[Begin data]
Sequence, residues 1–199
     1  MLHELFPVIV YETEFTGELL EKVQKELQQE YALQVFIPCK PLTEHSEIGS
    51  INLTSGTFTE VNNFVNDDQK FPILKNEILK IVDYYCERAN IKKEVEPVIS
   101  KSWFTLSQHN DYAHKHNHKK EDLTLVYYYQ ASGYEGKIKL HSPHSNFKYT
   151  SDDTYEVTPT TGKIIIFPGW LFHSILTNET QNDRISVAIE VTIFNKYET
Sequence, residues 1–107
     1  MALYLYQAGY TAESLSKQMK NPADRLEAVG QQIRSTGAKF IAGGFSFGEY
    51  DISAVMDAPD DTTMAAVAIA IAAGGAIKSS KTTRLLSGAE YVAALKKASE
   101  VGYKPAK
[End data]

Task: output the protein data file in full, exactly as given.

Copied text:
Sequence, residues 1–199
     1  MLHELFPVIV YETEFTGELL EKVQKELQQE YALQVFIPCK PLTEHSEIGS
    51  INLTSGTFTE VNNFVNDDQK FPILKNEILK IVDYYCERAN IKKEVEPVIS
   101  KSWFTLSQHN DYAHKHNHKK EDLTLVYYYQ ASGYEGKIKL HSPHSNFKYT
   151  SDDTYEVTPT TGKIIIFPGW LFHSILTNET QNDRISVAIE VTIFNKYET
Sequence, residues 1–107
     1  MALYLYQAGY TAESLSKQMK NPADRLEAVG QQIRSTGAKF IAGGFSFGEY
    51  DISAVMDAPD DTTMAAVAIA IAAGGAIKSS KTTRLLSGAE YVAALKKASE
   101  VGYKPAK